Oscar Wilde was the most famous gay Irishman and Oscar’s Shadow deals with Wilde and his homosexuality within the context of Ireland and of Irish cultural perceptions of his sexuality. The book investigates the questions: What was ‘Oscar’s shadow’, his influence on twentieth and twenty-first century Irish culture and literature? What has Oscar Wilde meant to Ireland from his disgrace in May 1895 up to the present?
Eibhear Walshe presents Oscar’s shadow in Ireland from 1895 to the present, using contemporary Irish newspaper reports of the Wilde trials of 1895, previously unpublished archival material, and a significant body of Irish critical studies, biographies and dramatisations of Wilde’s life and sexuality. If perceptions of sexual identity evolve partly through public events, how then did Irish media and literary sources configure Wilde’s homosexuality during the Wilde trials and after? Wilde’s homosexuality was a contested discourse within twentieth-century Ireland, a discourse that became interconnected with Irish cultural nationalism. Thus Wilde became a weathervane for the rare but contentious discussions of homosexuality in Ireland, and his life and his writings usefully intertwine within these debates. Oscar’s Shadow sets the historical context for cultural and legal perceptions of homosexuality in Ireland.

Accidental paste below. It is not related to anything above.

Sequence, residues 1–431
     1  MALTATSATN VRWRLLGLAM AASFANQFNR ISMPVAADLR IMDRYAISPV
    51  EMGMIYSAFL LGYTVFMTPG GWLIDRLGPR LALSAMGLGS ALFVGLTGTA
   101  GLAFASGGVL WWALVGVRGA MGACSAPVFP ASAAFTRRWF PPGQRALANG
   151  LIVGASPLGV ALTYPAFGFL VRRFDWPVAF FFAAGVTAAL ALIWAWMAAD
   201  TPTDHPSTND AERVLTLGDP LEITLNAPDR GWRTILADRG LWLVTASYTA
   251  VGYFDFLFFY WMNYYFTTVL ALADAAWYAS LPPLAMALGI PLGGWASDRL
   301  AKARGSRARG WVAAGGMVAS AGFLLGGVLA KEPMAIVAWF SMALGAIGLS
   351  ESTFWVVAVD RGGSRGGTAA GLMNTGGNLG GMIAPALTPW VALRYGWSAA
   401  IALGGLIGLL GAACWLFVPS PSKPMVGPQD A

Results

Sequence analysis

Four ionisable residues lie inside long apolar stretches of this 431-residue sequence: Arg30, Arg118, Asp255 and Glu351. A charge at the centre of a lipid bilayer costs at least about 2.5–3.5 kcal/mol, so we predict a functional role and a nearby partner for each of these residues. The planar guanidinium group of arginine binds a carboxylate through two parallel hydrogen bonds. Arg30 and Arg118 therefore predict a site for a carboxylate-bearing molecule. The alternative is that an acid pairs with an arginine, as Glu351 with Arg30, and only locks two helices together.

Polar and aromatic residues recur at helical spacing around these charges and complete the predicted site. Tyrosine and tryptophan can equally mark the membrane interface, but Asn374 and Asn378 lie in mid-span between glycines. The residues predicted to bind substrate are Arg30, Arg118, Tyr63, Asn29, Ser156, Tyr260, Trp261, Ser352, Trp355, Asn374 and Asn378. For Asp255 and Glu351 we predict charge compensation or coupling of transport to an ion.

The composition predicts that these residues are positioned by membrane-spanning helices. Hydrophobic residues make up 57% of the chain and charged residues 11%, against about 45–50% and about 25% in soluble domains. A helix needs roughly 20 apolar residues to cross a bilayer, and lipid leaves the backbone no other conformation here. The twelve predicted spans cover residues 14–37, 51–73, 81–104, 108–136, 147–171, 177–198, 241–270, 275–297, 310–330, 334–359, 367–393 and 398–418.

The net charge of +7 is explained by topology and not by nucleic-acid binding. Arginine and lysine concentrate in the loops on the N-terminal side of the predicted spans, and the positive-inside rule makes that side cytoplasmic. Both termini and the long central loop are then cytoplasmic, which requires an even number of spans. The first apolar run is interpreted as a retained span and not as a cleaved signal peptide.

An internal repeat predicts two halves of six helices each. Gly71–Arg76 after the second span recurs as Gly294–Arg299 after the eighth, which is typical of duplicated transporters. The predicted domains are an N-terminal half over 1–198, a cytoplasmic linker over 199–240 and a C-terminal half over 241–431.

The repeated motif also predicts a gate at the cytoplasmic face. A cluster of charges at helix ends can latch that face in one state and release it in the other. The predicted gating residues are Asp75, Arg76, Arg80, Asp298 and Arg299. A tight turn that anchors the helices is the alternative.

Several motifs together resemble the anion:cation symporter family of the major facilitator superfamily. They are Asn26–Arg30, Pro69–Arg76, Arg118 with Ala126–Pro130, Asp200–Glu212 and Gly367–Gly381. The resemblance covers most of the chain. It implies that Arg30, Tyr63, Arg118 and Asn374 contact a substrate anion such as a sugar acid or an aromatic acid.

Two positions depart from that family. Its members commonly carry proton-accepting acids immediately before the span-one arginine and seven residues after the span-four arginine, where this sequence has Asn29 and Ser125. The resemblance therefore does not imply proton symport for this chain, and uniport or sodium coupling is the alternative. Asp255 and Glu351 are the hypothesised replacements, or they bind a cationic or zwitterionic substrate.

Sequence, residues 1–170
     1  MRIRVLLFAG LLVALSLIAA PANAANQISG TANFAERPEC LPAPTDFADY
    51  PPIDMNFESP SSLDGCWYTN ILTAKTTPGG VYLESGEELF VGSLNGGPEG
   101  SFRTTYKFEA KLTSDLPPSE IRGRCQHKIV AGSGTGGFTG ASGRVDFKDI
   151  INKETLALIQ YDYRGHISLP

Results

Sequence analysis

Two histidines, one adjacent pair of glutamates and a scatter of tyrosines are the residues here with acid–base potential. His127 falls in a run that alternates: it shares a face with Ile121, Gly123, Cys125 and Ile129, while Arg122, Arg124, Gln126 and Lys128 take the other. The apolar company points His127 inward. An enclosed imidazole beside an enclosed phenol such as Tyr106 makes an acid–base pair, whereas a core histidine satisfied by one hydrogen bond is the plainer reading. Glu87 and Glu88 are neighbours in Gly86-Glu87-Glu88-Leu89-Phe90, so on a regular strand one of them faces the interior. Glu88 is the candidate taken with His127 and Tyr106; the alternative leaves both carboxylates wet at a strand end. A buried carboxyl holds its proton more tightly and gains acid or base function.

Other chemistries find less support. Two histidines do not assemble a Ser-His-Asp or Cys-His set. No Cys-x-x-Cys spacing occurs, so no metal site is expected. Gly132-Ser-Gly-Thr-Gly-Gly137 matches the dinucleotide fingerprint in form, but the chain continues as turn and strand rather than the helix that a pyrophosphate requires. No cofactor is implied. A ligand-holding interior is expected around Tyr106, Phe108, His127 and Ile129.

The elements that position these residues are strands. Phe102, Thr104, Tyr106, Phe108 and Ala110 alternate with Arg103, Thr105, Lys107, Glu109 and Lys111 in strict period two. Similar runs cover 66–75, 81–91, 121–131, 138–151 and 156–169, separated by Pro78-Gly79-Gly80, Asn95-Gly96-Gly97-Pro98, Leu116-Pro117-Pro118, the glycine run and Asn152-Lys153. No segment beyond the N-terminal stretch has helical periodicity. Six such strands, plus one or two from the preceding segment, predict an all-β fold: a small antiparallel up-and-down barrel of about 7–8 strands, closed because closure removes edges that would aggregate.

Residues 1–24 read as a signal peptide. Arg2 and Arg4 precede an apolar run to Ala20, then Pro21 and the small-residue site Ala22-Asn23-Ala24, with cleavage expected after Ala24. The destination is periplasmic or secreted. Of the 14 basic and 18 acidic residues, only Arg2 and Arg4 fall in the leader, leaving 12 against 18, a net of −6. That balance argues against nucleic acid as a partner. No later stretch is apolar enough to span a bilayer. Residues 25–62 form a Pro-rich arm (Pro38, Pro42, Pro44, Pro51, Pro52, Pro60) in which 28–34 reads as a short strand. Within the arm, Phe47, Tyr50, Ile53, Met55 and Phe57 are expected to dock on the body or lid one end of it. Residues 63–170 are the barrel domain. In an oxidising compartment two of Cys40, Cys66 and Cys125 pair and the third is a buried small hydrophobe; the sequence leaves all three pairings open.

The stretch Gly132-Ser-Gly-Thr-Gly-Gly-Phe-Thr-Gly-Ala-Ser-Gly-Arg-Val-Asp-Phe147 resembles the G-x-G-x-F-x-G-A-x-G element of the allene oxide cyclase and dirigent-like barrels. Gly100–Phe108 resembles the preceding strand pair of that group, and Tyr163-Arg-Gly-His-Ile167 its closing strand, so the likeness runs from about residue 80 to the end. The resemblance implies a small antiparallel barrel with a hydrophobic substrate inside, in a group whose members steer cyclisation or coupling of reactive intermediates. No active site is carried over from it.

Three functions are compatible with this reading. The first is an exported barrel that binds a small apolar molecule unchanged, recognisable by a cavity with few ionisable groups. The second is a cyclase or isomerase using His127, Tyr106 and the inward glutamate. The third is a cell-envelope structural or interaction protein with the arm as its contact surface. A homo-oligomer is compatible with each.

This book is the first study of the formation of the idea of homosexuality in Ireland into the twentieth century and centres on an account of Wilde’s visible presence as sexual ‘other’, analysing the strategies of normalisation used to police his unnameable sin within Irish media and literary accounts. Walshe argues that Wilde in Irish culture was perceived not so much as Oscar Wilde the unspeakable but much more as Oscar Wilde the dissident Irishman. Wilde, famous for his writings and notorious for his sexuality, is central for perceptions of homosexuality in modern Ireland.